The arrival of next generation sequencing techniques has opened up a wide range of new research areas to study plant microbe interactions. The genomes of phytopathogenic and beneficial fungi can now be cost-effectively sequenced and gene expression profiles can be determined on a genome-wide scale for both the host plant and the pathogen or endophyte. Assembly, functional annotation and comparative analysis of the genomes of plant associated fungi will provide important novel resources to study the fungal side of plant–parasite and plant-endophyte interactions and to obtain insights into genomic (co-)evolution of interacting organisms. We focus on applying and developing computational tools to provide these resources. Our research includes collaborations with groups within the Department as well as tight communication with the local central computing facility SUSAN and the Max Planck Genome Centre Cologne (GCC). In addition to our main topics we act as a consultancy for any bioinformatics related question.
We are interested in fungal plant-pathogens and plant-endopytes. Among the plant-pathogens we mostly focus on fungi with a biotrophic or hemi-biotrophic lifestyle, i.e. fungi that do not kill the plant (immediately) but form organs, which take up nutrients from a living plant cell, like the powdery mildews (Blumeria graminis) and Colletotrichum higginsianum. Additionally we are trying to uncover the molecular signatures underlying endophytism and the origin of pathogenicity in Colletotrichum by comparing endophytic and pathogenic Colletotrichum species. To address these topics we are sequencing whole genomes using 454 (Roche) and Illumina technologies. The bioinformatics related topics include genome assembly, functional annotation and comparative analysis. Web-services are implemented to provide public access to the data (at present for the powdery mildews and Colletotrichum higginsianum).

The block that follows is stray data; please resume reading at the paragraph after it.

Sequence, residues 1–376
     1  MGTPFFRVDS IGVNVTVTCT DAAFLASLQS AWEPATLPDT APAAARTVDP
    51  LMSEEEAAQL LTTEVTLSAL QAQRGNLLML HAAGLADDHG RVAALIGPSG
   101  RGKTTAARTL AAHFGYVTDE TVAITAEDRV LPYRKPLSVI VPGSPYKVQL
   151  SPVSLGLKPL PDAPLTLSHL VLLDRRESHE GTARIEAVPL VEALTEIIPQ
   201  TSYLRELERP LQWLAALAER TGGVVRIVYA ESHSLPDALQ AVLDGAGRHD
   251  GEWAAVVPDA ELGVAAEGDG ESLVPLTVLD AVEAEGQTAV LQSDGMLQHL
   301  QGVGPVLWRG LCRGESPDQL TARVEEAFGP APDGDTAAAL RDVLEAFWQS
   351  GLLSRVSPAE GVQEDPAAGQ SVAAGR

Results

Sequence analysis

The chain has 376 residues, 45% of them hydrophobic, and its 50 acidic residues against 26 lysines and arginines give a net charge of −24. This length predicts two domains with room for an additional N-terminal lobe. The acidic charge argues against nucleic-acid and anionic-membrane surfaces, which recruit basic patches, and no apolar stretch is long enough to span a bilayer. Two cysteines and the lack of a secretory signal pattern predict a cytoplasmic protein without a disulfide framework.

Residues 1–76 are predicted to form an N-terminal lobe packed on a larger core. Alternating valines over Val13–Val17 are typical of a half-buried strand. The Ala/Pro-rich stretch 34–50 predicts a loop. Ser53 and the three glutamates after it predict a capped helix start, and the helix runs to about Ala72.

To study regulatory processes during infection, genome-wide gene expression profiles are being examined for the host plant and the fungal pathogen. The model plant Arabidopsis thaliana is primarily used to study immune response systems in plants. On the pathogen side biotrophic fungi are used to study attack mechanisms. Examples of high throughput methodologies used include microarrays, RNA-seq and ChIP-seq. Analyses of these data need solid statistical and computational approaches.
Many graduate students and post-docs in the department perform high throughput experiments yielding large data sets. In order to facilitate the analysis related to bioinformatics, ´consultations´ can be requested and short workshops and courses on topics like the analysis of sequencing data and statistical data analysis using R were developed for graduate students and post-docs from the whole institute.